Traditional Publishing

Writers' News

New Magazine Listing – Tuesday January 24, 2017

Publishes: Fiction; 
Markets: Adult; Youth; 
Preferred styles: Literary; Mainstream; Traditional

We are a small independent publisher. We create ebooks, paperbacks and magazines. Read more in our blog. 

Work submitted that is considered good is published on the website as our 'short list'. From the website, we pick the best of the best and put those stories in a quarterly magazine. At the end of the year, we pick the best stories from the magazines and put them in a book. Everything gets sent off to various competitions. The magazines go to the O. Henry Awards and the best stories in the book go to the Pushcart Prizes.

[See the full listing]

Fiction and poetry submissions invited for new issue of magazine – Monday January 23, 2017 has just announced the launch of the latest issue of its long-running literary journal, firstwriter.magazine.

firstwriter.magazine has been published twice a year since 2002, making it probably one of the longest-running online journals on the internet. This 30th issue features the usual mix of quality fiction and poetry from around the world, plus the first chance to see not just the winning story from the Twelfth International Short Story Contest, but also all ten Special Commendations. You can view the magazine by clicking here. If you'd like to enter your work in the Thirteenth International Short Story Contestclick here.

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New Publisher Listing – Monday January 23, 2017

Publishes: Fiction; 
Markets: Children's; Youth

Publishes books for children and young adults aged 10-18, but first-time authors over the age of 18. Send query by email describing your submission in first instance.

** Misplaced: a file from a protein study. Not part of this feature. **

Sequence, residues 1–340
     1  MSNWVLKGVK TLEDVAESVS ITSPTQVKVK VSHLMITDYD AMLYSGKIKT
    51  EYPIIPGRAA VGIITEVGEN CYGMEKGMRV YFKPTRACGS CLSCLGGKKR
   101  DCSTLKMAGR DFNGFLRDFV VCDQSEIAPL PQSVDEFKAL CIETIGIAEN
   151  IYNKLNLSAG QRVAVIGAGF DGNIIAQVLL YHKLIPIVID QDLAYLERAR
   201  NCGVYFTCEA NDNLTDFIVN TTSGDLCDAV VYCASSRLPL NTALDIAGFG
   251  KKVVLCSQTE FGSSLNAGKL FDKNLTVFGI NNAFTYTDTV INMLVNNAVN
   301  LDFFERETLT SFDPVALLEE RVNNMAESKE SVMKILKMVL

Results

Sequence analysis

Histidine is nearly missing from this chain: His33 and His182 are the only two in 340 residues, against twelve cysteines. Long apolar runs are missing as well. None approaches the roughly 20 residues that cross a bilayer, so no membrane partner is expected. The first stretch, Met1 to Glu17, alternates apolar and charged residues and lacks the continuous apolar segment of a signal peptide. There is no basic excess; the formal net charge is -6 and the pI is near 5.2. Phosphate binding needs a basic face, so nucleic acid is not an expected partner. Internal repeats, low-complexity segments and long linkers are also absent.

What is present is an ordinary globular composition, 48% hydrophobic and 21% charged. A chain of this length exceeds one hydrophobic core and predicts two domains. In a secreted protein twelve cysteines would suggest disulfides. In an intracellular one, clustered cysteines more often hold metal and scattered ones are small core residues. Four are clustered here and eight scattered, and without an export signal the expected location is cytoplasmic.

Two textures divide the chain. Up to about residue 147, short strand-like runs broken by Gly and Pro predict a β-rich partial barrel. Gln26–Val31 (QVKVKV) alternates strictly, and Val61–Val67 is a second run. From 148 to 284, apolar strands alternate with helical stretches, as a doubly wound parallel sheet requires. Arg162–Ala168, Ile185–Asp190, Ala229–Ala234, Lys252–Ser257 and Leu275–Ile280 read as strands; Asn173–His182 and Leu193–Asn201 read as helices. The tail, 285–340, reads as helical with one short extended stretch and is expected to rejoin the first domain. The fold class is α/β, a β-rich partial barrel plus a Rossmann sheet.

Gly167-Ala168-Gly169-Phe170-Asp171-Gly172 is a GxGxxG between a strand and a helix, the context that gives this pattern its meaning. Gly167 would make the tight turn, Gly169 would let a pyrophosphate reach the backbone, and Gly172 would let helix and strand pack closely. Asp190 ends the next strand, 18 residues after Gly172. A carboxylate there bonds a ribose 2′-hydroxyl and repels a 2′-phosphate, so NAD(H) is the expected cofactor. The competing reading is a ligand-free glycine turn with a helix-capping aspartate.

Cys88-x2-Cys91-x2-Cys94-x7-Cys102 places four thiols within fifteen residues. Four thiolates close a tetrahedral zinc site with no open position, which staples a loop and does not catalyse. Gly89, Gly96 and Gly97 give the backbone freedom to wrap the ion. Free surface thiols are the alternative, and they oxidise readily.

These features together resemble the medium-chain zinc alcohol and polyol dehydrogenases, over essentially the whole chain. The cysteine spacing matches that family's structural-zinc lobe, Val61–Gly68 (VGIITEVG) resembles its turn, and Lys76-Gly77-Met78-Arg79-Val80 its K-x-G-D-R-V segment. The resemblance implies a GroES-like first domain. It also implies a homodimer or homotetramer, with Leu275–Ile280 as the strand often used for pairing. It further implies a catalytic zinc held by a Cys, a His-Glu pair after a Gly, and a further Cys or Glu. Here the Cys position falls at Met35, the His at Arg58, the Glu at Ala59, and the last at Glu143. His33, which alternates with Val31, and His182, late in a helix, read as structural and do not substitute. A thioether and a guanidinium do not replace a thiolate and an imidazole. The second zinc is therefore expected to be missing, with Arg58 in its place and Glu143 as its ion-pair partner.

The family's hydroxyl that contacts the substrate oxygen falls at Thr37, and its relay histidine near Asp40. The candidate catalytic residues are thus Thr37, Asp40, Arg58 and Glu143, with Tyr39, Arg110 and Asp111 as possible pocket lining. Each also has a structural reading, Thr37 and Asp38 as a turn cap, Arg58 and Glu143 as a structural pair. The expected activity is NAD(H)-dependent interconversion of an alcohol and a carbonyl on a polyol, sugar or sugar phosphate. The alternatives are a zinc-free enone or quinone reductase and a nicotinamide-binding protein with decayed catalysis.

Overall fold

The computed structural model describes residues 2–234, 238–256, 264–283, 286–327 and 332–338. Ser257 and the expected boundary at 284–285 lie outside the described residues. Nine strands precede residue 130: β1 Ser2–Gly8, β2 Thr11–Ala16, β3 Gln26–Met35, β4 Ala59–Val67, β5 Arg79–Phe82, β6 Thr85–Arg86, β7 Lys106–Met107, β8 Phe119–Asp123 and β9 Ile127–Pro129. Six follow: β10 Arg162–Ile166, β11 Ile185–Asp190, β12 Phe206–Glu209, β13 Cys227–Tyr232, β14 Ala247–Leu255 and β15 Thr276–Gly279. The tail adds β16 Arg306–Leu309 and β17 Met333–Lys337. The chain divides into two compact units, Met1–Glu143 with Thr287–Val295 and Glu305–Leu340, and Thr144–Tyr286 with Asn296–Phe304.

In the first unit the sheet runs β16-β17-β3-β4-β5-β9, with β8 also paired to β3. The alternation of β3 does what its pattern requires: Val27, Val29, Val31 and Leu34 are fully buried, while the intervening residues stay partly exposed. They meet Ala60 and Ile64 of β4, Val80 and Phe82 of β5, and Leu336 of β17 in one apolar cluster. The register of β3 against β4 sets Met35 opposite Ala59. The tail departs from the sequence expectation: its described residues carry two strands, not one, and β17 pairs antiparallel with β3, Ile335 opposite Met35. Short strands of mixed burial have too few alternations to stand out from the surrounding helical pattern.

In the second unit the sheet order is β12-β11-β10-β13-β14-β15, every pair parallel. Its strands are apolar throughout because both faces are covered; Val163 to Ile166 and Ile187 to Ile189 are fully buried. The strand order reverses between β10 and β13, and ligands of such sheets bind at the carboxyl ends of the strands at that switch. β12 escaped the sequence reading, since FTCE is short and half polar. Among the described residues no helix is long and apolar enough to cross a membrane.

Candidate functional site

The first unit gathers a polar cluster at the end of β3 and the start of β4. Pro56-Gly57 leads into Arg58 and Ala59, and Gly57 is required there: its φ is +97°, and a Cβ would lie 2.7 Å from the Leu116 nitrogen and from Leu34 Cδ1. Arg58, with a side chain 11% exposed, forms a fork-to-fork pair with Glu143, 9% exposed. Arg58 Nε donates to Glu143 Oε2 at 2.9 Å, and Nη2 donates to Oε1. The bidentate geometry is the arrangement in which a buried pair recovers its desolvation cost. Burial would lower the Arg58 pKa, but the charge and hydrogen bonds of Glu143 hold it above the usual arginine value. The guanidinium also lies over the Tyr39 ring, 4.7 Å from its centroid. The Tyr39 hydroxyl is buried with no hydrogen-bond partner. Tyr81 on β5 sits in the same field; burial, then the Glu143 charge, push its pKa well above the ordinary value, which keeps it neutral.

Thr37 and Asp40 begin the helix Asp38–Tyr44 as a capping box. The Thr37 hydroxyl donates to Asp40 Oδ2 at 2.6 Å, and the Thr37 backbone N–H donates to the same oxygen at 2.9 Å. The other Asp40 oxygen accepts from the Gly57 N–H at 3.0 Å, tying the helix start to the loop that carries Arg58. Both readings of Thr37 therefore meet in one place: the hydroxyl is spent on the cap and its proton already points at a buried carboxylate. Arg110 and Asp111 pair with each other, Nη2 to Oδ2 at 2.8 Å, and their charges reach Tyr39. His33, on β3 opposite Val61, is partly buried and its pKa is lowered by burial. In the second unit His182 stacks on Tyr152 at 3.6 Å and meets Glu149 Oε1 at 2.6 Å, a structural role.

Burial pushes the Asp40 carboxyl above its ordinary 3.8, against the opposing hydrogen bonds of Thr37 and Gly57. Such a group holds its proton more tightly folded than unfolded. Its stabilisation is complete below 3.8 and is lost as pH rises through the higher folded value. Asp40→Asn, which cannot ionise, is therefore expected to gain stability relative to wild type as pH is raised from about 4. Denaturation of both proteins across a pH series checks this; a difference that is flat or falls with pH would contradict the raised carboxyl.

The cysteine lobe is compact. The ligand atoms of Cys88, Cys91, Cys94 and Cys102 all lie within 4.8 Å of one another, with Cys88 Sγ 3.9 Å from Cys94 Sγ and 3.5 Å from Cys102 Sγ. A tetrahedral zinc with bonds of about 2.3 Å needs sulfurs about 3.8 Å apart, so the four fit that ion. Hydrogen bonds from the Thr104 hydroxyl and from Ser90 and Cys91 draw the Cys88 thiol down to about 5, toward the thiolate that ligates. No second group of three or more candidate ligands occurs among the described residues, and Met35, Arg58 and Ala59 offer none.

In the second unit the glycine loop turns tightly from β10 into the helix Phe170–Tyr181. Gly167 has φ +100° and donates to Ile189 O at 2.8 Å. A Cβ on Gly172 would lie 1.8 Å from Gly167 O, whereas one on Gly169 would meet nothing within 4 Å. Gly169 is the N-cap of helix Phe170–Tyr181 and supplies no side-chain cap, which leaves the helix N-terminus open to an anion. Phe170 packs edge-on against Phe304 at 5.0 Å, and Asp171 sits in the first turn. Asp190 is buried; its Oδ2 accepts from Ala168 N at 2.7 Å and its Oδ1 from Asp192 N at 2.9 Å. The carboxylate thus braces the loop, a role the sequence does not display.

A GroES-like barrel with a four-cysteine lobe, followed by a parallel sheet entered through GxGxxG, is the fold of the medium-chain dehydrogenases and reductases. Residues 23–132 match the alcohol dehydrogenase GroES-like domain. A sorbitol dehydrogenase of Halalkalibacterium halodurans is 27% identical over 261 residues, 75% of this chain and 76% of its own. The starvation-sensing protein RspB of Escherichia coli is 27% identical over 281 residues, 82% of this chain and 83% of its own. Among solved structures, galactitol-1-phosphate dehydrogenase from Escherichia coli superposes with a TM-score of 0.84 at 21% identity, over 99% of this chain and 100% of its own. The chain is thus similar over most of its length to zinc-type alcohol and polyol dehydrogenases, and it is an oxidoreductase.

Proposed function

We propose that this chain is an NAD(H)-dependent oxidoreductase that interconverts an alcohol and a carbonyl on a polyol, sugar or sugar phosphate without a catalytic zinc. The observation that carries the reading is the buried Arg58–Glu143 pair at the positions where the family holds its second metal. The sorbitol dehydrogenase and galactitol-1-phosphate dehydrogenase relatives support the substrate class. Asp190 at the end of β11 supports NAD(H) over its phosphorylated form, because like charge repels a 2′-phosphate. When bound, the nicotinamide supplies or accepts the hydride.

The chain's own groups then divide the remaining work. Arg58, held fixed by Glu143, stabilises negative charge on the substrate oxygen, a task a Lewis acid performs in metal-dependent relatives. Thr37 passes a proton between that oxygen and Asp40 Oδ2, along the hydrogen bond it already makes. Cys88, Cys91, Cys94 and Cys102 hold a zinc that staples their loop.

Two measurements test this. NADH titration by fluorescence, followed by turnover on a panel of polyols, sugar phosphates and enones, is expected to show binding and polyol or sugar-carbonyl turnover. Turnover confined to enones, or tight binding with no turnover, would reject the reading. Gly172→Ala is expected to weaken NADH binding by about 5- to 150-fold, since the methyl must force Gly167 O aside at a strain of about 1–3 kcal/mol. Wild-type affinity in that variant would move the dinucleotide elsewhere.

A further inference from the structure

[See the full listing]

On writing women – Sunday January 22, 2017

In researching my previous column on the work of Elena Ferrante, I read how certain critics were convinced that the author was actually a man writing under a woman’s pseudonym because she wrote assertively and confidently about the domains of men, especially politics, crime, and violence. In return, Ferrante’s supporters asserted that not only could a woman write well about these domains, but that “only a woman” could know of the secret interior worlds of women and write about them as truthfully and authentically as Ferrante.

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Self-Publishing in 2017: The Year in Preview – Saturday January 21, 2017

As 2017 begins, indie authors and publishers are having to navigate a fast-growing industry filled with new opportunities, but one that also presents challenges related to that expansion. To find continued success in self-publishing, it has become more important to expand the definition of “self-published author” to encompass new roles and new formats.

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Next Steps in Digitization for Book Publishers – Saturday January 21, 2017

In this inaugural column, I’ve been asked to offer up some predictions for digitization in publishing in 2017. The problems—and solutions—of digitization are more complex than the question of e-books vs. print books. By and large, that divide has stabilized; print books are clearly still a strong part of the market, and e-books have their attributes (instantaneous purchase, no bundles to lug around, changeable font size).